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Int Immunol. 1996 Jan;8(1):13-22.

Trypanosoma cruzi infection in MHC-deficient mice: further evidence for the role of both class I- and class II-restricted T cells in immune resistance and disease.

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Department of Cellular Biology, University of Georgia, Athens, GA 30602, USA.


The role of T cell population in immune control of Trypanosoma cruzi infection and subsequent development of disease has been examined using gene knockout mice deficient in the expression of either or both class I and Class II MHC. Mice deficient in either class I- or class II-restricted T cell populations show a striking similarity in their mortality rate, parasite load and tissue inflammatory response following infection with the Brazil strain of T. cruzi. In both cases all animals died during the acute phase of the infection with high parasitemias and high parasite loads in the heart and skeletal muscle, but with reduced tissue inflammatory response. Mice deficient in both class I and class II MHC expression demonstrated even higher numbers of circulating and tissue parasites, essentially non-existent tissue inflammatory responses, and succumbed to infection earlier than single-deficient mice. MHC class I-deficient mice which survive into the chronic phase following infection with the M/78 or M/80 clones of T. cruzi have both relatively higher tissue parasite loads and more extensive and severe inflammatory responses than control immunocompetent mice. Immunologically, the acute infection in the double-deficient mice was accompanied by a marked increase in CD4(-)CD8(-)alphabetaTCR+ cells in the spleen. Surprisingly, both class I- and class II-deficient mice produce detectable but sub-normal levels of anti-parasite antibodies while double-deficient mice produced little to no detectable anti-parasite antibody. These results establish the importance of both class I- and class II-restricted T cells in immune control of circulating blood stages and intracellular states of T. cruzi. In addition, this work reinforces the relationship between tissue parasite load and the severity of the inflammatory lesions in chronically infected animals.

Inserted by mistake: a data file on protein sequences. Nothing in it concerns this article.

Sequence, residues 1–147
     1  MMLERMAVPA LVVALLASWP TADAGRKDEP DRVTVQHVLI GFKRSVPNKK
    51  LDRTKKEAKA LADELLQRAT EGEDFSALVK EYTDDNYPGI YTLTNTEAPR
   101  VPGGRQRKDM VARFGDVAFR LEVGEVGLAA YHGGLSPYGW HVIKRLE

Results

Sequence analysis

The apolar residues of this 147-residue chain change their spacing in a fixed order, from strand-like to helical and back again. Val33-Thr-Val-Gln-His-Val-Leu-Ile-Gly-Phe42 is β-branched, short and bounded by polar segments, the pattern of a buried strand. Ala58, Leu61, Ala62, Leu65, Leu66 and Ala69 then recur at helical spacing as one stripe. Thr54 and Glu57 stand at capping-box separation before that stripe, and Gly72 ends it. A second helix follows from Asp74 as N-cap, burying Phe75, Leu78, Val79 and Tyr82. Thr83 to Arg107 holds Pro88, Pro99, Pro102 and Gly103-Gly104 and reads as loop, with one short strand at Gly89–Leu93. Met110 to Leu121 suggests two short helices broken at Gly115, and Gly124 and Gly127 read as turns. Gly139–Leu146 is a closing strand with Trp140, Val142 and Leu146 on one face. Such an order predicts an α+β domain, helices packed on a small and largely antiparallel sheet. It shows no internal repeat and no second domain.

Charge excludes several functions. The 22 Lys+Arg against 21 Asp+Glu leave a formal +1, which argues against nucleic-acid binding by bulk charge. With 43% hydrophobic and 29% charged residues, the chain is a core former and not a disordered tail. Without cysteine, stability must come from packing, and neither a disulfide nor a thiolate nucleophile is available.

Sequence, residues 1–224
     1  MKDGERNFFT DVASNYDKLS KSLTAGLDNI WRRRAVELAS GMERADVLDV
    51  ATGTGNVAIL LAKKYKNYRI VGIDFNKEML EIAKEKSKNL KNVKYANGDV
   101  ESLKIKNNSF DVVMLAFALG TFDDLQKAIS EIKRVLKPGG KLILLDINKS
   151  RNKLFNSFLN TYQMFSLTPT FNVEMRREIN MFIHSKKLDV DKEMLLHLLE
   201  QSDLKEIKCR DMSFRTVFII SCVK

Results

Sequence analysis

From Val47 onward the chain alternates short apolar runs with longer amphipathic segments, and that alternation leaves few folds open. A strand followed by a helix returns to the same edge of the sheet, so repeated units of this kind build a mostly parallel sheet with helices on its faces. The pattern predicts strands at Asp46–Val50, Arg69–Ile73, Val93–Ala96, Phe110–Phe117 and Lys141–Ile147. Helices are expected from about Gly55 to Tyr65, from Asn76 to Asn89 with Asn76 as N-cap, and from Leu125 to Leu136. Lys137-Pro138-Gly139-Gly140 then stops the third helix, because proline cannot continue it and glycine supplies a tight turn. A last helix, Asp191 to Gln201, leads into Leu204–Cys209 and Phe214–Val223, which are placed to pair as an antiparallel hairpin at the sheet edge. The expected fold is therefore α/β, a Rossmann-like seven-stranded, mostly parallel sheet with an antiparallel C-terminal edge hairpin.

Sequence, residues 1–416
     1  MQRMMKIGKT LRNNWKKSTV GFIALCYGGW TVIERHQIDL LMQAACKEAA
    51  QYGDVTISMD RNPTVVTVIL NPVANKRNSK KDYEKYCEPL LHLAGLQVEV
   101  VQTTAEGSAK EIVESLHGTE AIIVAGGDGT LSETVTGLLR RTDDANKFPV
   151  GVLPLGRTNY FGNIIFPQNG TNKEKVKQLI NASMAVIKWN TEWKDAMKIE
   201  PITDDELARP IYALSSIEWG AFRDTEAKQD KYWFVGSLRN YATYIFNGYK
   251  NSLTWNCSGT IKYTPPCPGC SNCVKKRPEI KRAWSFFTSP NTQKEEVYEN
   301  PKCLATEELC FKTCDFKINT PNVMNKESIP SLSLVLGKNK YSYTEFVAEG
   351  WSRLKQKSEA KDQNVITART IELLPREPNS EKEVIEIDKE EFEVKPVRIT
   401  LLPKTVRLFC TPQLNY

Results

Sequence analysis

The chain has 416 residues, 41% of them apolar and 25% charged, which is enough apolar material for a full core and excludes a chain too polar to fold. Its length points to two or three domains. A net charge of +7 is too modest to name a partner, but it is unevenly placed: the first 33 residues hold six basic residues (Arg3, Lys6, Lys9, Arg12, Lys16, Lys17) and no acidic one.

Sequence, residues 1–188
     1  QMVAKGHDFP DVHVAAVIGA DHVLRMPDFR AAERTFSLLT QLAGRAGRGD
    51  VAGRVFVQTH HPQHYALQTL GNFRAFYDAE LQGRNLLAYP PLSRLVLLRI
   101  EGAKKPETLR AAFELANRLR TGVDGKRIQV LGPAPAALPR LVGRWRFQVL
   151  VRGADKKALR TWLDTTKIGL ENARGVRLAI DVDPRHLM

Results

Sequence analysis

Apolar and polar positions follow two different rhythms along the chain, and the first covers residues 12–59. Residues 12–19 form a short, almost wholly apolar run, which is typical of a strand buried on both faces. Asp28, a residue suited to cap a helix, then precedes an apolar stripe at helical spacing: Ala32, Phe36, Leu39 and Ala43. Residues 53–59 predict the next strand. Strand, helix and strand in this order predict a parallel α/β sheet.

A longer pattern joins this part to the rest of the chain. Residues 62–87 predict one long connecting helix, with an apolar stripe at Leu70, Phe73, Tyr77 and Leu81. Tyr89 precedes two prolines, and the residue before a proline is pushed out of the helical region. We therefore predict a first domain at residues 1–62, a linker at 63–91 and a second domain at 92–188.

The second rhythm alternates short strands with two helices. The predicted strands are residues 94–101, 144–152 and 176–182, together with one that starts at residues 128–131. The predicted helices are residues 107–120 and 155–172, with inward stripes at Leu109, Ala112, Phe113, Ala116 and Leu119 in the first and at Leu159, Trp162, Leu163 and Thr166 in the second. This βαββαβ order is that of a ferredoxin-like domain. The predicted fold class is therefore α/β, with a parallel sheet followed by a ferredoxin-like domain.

[Indexed for MEDLINE]

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